Greenman Mbillo: Principles of Collective De-objectification

My name is Mbelenzi Zasusthra Nzinga. I’m walking down River Road now, and all I can see are the women lined along the sidewalks. There are also other kinds of people, but they are invisible. Perhaps only God knows what kind of existential situation this is. There’s a whirlpool of superimposed issues; each striving to reach the surface of my […]

Carey Baraka: Sounds of Home

I’m reaching out again. Dear Dad, Here I am again, trying to recapture a lost past. I am writing to go back to that time at Impala Park, when it was just you and me and M, and we went to Impala Park, where at lunch times, as a treat, the wardens would throw a goat into the lion cages […]

Felix Omondi: To Rescue a god

When he woke up that morning, Lempei knew it was going to be an interesting day; but how exactly, he still did not know.  First, he had woken up earlier than usual and when he got to the school bus park, he was the first student there — something that had never happened before. In fact, when the other students […]

Michelle Angwenyi: What Colour is the Chameleon at Night

Jamila turned into a dream on that rainy night – the night it rained so much that the earth was a spectre beneath the water’s fervour. The lights had gone off, and Jamila and I stood there, facing each other, her words suspended in the still room, dropping heavily to the ground when she asked if we could go to […]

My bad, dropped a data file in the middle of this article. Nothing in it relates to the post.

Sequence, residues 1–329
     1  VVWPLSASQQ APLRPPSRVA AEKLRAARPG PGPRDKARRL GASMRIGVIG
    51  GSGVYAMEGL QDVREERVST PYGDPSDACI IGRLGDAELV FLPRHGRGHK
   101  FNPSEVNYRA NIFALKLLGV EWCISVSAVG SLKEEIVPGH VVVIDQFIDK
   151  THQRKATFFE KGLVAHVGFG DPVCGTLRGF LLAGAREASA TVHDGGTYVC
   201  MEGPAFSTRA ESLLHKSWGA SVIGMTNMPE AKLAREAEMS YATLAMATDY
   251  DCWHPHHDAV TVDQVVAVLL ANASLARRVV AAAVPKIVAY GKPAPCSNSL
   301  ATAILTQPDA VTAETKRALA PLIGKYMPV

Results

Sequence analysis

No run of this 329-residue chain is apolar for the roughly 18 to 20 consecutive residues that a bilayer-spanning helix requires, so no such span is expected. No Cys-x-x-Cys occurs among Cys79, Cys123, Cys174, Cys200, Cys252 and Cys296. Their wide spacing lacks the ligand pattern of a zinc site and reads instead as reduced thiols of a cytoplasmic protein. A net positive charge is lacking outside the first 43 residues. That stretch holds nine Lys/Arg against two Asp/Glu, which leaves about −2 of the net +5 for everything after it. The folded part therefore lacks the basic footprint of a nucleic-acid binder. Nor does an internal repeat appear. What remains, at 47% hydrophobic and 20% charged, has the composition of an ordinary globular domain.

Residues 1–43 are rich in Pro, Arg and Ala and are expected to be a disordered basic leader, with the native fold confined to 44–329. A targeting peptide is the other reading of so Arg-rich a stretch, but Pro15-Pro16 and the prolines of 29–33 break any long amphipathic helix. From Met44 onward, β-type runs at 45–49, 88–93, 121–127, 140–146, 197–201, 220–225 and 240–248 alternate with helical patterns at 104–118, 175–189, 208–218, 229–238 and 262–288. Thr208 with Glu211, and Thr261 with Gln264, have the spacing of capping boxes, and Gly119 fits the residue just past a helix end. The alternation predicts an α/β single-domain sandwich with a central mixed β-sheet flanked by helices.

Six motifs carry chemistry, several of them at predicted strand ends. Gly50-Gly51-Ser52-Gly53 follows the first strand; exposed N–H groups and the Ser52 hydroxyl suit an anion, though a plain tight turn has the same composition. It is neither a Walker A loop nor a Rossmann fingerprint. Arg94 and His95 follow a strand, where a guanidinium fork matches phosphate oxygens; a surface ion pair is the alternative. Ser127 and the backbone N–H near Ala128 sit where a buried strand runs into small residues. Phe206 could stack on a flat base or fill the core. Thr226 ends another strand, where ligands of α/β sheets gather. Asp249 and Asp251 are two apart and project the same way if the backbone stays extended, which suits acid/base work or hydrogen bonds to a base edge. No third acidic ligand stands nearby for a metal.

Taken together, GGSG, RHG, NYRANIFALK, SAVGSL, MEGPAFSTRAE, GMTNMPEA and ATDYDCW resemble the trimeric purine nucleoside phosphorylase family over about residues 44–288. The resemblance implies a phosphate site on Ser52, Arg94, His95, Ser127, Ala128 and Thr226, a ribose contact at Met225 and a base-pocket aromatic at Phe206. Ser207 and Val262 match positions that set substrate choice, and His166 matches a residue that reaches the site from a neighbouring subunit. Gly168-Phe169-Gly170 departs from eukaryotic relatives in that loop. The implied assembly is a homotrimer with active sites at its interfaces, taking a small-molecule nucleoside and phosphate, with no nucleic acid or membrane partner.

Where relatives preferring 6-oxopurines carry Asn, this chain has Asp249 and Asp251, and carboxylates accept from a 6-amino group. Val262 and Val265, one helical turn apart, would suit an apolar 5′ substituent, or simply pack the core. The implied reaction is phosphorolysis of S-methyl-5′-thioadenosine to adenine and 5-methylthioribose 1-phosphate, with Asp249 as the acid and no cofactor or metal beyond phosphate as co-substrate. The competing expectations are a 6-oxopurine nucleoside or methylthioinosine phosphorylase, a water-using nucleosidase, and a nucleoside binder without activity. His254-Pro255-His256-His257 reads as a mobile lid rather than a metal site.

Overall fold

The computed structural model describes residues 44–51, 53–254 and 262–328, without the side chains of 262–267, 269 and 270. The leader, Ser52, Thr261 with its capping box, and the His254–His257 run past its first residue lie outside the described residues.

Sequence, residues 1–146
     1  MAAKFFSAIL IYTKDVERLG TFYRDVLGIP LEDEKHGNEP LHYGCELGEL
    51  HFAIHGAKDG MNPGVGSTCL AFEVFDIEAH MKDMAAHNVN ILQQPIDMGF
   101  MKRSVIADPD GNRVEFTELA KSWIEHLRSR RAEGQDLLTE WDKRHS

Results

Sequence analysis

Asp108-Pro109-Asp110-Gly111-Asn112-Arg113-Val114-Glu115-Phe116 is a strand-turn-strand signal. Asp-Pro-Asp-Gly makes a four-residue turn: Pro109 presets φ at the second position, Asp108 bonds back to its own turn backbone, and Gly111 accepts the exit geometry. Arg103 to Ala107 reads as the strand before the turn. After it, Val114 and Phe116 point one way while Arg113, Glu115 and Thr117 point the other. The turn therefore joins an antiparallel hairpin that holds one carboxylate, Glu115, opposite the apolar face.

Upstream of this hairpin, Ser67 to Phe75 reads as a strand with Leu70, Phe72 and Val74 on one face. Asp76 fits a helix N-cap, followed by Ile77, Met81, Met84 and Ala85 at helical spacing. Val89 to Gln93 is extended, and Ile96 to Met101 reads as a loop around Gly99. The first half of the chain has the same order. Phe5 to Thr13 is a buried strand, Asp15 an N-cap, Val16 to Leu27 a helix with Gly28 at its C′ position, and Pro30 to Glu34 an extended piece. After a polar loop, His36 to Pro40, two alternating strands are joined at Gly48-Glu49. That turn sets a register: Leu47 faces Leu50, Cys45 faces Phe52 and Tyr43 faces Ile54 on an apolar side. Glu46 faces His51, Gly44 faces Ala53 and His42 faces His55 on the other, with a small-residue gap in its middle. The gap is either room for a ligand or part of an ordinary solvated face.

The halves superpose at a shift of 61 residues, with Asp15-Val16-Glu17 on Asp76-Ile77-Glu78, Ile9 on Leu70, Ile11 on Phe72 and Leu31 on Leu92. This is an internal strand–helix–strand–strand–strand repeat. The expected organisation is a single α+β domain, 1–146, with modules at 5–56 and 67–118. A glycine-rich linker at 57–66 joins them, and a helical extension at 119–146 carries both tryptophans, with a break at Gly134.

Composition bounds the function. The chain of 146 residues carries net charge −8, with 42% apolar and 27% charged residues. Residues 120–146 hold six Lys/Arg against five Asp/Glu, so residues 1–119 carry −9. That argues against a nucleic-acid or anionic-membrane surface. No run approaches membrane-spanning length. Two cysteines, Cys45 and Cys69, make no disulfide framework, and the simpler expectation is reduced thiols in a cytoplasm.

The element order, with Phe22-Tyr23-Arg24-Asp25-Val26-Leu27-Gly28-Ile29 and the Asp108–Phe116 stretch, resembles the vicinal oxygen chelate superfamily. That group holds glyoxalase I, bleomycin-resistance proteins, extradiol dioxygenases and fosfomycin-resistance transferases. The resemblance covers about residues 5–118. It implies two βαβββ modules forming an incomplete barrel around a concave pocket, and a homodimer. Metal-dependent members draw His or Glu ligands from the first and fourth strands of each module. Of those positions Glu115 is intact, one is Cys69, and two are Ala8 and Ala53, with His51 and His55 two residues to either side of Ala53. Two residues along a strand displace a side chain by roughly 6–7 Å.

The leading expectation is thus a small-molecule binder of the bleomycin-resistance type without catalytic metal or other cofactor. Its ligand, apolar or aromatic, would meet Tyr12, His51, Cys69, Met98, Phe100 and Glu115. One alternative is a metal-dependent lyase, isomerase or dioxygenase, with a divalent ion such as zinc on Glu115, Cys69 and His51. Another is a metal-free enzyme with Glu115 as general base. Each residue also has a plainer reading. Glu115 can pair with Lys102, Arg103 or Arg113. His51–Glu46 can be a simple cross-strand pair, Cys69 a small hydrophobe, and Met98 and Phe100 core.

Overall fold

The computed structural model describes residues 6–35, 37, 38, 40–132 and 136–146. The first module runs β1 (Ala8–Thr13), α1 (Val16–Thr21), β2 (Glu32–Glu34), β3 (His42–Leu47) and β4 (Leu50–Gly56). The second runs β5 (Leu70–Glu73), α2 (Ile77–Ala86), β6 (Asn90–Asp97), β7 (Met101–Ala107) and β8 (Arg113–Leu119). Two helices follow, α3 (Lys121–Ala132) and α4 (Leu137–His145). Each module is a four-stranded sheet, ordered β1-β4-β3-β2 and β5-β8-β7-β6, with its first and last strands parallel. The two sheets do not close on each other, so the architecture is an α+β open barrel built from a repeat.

Alexis Teyie: Deferment. Opacity. Accounting.

Museums are my second favourite place to cry. With the slightest provocation from a dusty glass casing, I will unloose the ever elegant single tear; if encouraged by a pithy exhibition text, more fortifying variants follow: a bit of light sniveling all through to the blabbering lament, complete with ash and sackcloth. Our bodies are the most insightful docent in every museum tour.

Clifton Gachagua: Remembering

“Dreams have no meaning, is how you should phrase that if you want to have a serious conversation with me.”

I’d really like to just tell her to fuck off; instead I say: “You should not be smoking.”

“You’ve lost weight again,” she replies. 

This is her way of telling me I’ve been drinking again. And although I’ve brought her packets of Marlboros as a kind of apology for staying away for too long, for a flash second I’m not sorry she finds herself here.

Carey Baraka: Hii Nai Si Yetu

Nairobi wasn’t built for walking. Outer Ring Road in the morning is a nightmare, all the construction—good luck not falling into a ditch at six in the morning. Jogoo Road is a rhapsody of vehicles, and people—people walking and running and shouting and crying and yelling and driving and steering and hooting and vehicling and nuisancing and listening to Maina […]